When you are choosing which pattern to use it is worth remembering that not many items of clothing fit us as snugly as the set of measurements you will take. Most garments have shape and style which gives the body room to move about, so the set of size measurements for a size 10 for example, are not what the actual paper pattern or the finished garment will measure. You can also directly measure the paper pattern yourself to see how this compares to your size. Remember there will be a seam allowance on the pattern.

 

When you buy ready to wear clothing you will be used to seeing measurements for the bust, waist and hips, however to get a good fit on a garment which will be perfect and look exactly  how you want it to, there are other measurements you need to take as well. Considering some people, myself included here, choose to make their own clothes, or to have them made, is because ready to wear just does not fit them, this is important. RTW only cater for the average height and sizing, and people who are symmetrical. Most of us are not average but when we buy off the peg we have to make do with the best fit that we can find and it’s not always the correct fit.

 

 

So how do you take your measurements?

 

First of all you will need someone to help you. It is difficult to take accurate tape measure readings of your own body by yourself. So as well as a tape measure which is long enough to measure all of your body parts including your height, you will need a pen and paper to write it down. So dress in your regular fitting underwear and you are ready to begin.

 

Front Body Measurements
Front Body Measurements

 

Bust

Measure across the widest part of the bust,under the arms and across the widest part of the back with the arms hanging loosely by the sides of the body.

To measure your cup size, measure around the body just under the bust, take this measurement away from the first measurement and if the difference is one inch you are an A cup, two inches difference is a B cup, three is a C cup, four is a D cup and five will give you a DD cup.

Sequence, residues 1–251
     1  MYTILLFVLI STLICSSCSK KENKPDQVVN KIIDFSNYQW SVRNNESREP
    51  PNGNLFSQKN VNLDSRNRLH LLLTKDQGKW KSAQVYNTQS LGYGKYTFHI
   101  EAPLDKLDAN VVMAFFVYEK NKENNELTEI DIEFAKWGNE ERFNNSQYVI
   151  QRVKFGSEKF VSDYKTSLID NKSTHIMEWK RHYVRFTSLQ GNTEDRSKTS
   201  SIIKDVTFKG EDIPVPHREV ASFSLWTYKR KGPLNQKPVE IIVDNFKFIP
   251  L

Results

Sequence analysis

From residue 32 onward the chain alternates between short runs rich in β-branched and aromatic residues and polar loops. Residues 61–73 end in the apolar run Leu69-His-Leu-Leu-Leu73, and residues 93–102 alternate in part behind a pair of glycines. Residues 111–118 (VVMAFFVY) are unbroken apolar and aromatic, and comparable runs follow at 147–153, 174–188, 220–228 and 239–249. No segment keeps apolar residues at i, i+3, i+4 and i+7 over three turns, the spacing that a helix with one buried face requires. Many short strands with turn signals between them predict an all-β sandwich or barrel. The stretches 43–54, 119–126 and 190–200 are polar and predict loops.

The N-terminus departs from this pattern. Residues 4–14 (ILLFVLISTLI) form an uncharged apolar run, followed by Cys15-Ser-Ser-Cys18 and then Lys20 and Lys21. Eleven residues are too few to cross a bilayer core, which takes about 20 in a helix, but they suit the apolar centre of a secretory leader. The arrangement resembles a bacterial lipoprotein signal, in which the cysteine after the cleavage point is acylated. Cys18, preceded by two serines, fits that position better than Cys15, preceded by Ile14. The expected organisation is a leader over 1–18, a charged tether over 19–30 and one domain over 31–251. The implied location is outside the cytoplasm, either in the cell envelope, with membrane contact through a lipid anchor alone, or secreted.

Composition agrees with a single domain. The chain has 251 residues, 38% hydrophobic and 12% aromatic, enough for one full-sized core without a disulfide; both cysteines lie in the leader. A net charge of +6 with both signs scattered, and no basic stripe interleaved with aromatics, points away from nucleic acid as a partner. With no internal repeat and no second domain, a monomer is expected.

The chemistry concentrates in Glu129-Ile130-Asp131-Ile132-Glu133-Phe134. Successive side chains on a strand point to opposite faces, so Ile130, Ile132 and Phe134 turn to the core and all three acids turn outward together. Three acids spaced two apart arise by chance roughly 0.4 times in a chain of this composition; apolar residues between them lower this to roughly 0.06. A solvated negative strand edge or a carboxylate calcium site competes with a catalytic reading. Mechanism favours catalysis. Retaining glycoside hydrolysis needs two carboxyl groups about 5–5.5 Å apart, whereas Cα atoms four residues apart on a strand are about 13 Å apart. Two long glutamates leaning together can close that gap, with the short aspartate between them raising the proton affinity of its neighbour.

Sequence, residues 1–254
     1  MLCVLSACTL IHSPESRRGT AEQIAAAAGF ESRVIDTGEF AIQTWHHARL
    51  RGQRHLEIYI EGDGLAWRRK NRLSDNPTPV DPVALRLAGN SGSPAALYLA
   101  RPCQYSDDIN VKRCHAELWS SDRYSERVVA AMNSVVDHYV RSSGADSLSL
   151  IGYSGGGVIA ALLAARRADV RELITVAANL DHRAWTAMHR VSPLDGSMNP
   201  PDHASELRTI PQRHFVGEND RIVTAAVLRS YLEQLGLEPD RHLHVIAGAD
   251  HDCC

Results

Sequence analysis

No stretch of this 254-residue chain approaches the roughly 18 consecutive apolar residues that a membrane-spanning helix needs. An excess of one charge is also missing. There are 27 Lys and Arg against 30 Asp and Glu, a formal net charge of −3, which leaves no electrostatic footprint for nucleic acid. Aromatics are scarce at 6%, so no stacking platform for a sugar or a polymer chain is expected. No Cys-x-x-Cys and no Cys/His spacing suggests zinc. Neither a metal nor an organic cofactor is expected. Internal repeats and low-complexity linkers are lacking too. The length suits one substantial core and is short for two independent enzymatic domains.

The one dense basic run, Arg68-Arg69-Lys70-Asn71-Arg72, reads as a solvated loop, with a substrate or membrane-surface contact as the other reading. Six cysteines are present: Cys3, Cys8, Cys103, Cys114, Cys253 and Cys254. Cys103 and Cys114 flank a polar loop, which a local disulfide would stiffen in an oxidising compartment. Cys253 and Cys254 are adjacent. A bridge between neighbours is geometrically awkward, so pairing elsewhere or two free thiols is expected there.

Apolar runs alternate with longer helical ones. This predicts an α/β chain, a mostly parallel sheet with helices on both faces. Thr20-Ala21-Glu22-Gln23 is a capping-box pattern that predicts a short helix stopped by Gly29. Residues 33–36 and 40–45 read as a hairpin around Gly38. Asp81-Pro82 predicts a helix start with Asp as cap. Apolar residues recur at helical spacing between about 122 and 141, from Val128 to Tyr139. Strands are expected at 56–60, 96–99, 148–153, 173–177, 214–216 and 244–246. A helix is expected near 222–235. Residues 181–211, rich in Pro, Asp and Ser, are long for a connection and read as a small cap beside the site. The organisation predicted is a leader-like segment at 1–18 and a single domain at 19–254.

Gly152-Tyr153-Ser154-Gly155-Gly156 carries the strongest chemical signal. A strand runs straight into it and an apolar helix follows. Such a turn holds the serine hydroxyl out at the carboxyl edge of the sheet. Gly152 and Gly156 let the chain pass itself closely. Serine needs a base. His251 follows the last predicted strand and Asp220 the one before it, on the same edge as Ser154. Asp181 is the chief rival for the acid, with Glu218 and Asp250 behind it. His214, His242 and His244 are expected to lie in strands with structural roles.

Waist

Mark the waist by tying a string snugly around your middle. It will roll naturally to your waist. Take the measurement where the sting settles.

 

Hips

Keeping the tape measure parallel to the floor and level all of the way around, measure the fullest part of the hips which should be around eight inches below the waistline, depending on the individual.

 

Shoulder length

This is the distance from the base of the neck, shrug your shoulders to find this point at the neck, to the edge of the shoulder.

 

Apex of bust

The distance from the base of the neck to the point of the bust.

 

Back Body Measurements
Back Body Measurements

Back waist length

This is sometimes called nape to waist and is the distance from the prominent bone at the back of the neck to the waist.

 

Sleeve length

With your hand on your hip measure from the top of the shoulder to the wrist. Note this down as one total measurement and two separate measurements, top of shoulder to elbow and elbow to wrist.

 

Dress length

Measure from the base of the neck at the centre back to the desired hem length. The back of the knee is a good reference point if you are uncertain of desired finished length at this stage.

 

You will need the following measurements if you are making trousers/pants.

 

Seated Body Measurements
Seated Body Measurements

Crotch depth

Sit down on a firm chair with your feet flat on the floor and measure from the waist to the chair seat.

 

Side Body Measurements
Side Body Measurements

Crotch length

From the waist at your back under the body between your legs to the waist at your front. Also note down how this divides into two measurements, back waist to the centre point between the legs and the front waist to the centre point between the legs, This may not be an equal division of the overall measurement.

 

Inside leg

From the midpoint under the body to the finished hem length, if you don’t yet know this, measure to the ankle bone.

 

Outside leg

Measure from the waist, over the curve of the hip, down to the desired hem length or the ankle.

 

 

Now that you have all your measurements, keep them safe and check them every six months for any changes.

 

Happy sewing